Why Prosecutors Are the ‘Heart’ of Our Prison Population Boom

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The unbridled discretion of prosecuting attorneys—and not the war on drugs or draconian sentencing—is largely responsible for America’s mass incarceration mess.

John Pfaff. Photo by Chris Taggart (courtesy Fordham University)

So says John Pfaff, whose contrarian book, Locked In: The True Causes of Mass Incarceration—and How to Achieve Real Reform (Basic Books), has positioned the Fordham law professor as an ascendant criminal justice intellectual. The book serves as a counterweight to Michelle Alexander’s widely lauded The New Jim Crow, which argued that the institutional racism of the drug war packed our prisons. (Charles Lane of the Washington Post recently called Pfaff’s book a “corrective” of Alexander’s assertions.)

Building on a series of scholarly papers he published over the past decade, Pfaff, who holds both a law degree and a Ph.D. in economics from the University of Chicago, uses his book to challenge  the “standard story” of mass incarceration, making his case through data analysis. In a two-part Q&A with The Crime Report’s David J. Krajicek, Pfaff describes how pursuit of reforms fitted to the flawed “standard story” narrative has distracted from a more appropriate redesign of punishment.

The Crime Report: You criticize the three-legged narrative about mass incarceration: that government-orchestrated drug convictions, longer sentences, and unscrupulous private prison firms were largely to blame for overfilling penitentiaries. What’s wrong with it?  

John Pfaff: It distracts us from confronting the tougher, but more central, issues. In a recent poll, a majority of Americans—from liberals to conservatives—said they opposed being less severe towards those convicted of violent crimes, even if such people pose little to no risk of recidivism. Yet over half of all people in prison are there for a violent crime; we can’t cut prisons in any meaningful way without changing how we punish violence.

The constant drumbeat of “prisons are full of low-level non-violent drug offenders” has produced a public still unwilling to tackle what has to be tackled. Similarly, by continuously paying attention to private prisons, reformers and the public end up ignoring the far more powerful public correctional officer unions. And the insistence on cutting excessively long sentences at the legislative level has produced a reform effort that has taken almost no steps to meaningfully reduce the charging power of prosecutors, even though that power is the most important engine of prison growth.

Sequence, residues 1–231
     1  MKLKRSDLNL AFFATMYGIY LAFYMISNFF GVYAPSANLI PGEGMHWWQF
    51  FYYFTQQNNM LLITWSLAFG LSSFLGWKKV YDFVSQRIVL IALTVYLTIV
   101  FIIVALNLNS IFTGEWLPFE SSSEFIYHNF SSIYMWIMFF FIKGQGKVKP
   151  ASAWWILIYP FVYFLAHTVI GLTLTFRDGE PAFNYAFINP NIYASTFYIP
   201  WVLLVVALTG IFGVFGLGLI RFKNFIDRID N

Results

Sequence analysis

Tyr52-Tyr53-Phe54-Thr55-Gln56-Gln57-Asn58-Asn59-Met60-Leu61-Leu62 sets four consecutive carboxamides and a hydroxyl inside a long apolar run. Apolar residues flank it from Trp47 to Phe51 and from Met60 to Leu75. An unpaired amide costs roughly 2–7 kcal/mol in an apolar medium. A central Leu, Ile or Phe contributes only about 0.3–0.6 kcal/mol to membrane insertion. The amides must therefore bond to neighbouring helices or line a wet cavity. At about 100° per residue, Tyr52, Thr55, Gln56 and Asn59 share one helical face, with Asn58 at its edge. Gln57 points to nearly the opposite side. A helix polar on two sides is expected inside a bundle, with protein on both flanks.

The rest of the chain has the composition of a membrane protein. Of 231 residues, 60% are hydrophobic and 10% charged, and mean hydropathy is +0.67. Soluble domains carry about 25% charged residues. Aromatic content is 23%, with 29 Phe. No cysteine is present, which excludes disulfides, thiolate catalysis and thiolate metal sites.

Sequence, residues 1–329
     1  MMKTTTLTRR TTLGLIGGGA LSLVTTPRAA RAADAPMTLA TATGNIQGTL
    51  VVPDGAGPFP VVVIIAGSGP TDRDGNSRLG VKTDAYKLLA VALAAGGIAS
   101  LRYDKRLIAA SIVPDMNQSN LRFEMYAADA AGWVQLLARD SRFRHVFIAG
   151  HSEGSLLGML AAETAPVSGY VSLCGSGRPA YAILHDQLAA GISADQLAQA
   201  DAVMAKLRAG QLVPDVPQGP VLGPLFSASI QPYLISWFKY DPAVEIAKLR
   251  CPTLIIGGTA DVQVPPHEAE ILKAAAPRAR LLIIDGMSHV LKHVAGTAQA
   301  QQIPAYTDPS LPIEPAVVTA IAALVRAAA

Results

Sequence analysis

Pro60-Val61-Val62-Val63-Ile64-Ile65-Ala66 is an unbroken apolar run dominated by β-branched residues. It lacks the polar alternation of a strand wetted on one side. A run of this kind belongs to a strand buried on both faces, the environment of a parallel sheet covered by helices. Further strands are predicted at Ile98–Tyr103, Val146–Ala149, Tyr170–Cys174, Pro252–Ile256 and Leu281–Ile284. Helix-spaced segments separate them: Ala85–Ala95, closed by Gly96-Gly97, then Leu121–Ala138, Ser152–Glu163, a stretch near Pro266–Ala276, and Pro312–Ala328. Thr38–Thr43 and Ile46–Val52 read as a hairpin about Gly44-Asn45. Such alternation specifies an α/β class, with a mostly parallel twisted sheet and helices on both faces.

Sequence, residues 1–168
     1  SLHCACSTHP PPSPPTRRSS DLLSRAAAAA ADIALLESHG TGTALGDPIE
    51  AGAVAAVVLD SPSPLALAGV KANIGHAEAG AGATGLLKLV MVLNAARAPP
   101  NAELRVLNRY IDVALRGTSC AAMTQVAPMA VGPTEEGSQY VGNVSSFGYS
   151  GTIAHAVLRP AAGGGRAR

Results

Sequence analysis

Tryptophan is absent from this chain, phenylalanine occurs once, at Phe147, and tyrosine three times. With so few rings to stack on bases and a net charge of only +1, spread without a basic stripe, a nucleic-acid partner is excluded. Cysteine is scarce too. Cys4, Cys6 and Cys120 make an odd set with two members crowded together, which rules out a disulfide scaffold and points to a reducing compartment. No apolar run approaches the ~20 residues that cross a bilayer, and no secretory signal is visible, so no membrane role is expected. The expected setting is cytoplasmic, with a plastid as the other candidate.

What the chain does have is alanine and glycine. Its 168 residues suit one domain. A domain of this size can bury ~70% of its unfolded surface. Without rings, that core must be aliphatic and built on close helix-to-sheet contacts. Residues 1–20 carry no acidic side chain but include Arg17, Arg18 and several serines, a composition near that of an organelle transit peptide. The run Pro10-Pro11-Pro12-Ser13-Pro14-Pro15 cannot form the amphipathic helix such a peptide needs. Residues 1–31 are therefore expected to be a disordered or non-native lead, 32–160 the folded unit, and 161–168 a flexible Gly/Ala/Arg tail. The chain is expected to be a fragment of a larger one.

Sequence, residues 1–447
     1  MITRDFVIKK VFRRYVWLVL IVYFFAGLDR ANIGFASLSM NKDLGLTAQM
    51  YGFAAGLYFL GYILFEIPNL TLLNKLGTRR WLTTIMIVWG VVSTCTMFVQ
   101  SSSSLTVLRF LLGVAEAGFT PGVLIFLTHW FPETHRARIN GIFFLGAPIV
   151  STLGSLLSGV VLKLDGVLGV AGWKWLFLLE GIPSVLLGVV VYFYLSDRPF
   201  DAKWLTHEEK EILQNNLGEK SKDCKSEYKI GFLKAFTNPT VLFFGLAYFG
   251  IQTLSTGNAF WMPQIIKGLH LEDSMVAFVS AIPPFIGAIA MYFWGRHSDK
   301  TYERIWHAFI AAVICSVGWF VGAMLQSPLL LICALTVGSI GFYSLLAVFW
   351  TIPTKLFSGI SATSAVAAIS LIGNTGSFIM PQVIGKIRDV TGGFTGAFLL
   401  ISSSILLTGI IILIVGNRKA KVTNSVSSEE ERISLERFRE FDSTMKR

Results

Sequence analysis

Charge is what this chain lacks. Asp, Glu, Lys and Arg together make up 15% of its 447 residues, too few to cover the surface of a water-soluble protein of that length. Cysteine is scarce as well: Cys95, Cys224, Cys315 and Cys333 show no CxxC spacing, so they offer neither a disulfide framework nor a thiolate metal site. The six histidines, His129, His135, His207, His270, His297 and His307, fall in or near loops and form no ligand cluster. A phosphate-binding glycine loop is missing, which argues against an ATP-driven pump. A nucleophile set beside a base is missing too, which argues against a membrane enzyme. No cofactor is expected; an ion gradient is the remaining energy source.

I wouldn’t call the narrative “false,” though. Each of the problems it identifies are real problems: too many drug offenders are in prison, we lock people up for too long, private prisons can wield problematic power. But each takes our attention away from something related that is far bigger and far more important. It leads us to tweak things on the margin rather than attacking the heart of the problem.

TCR: Michelle Alexander has replied that stepped-up drug enforcement was the leading edge of a punitive wave that swept across criminal justice. Agree?

Pfaff: I don’t, or at least not entirely. Take New York State. It passed the Rockefeller Drug Laws, some of the harshest drug laws in the country, in 1973. Yet by 1984 there were fewer people in New York prisons for drugs than in 1973. The spike in drug prisoners starts in 1984—when crack-related violence swept across the state. And then the number in prison for drugs starts to steadily fall in 1999, which was years before any reforms were passed…I don’t think it is so easy to disentangle the appeal of war-on-drugs rhetoric from the rising violence that was occurring at the same time.

No doubt there’s a feedback loop: rising violence makes drug-war rhetoric more appealing, and drug-war rhetoric perhaps pushes us to take a tougher approach towards crime more generally, and a less public-health focused view of drug abuse more specifically. But I think violence has played the dominant role here.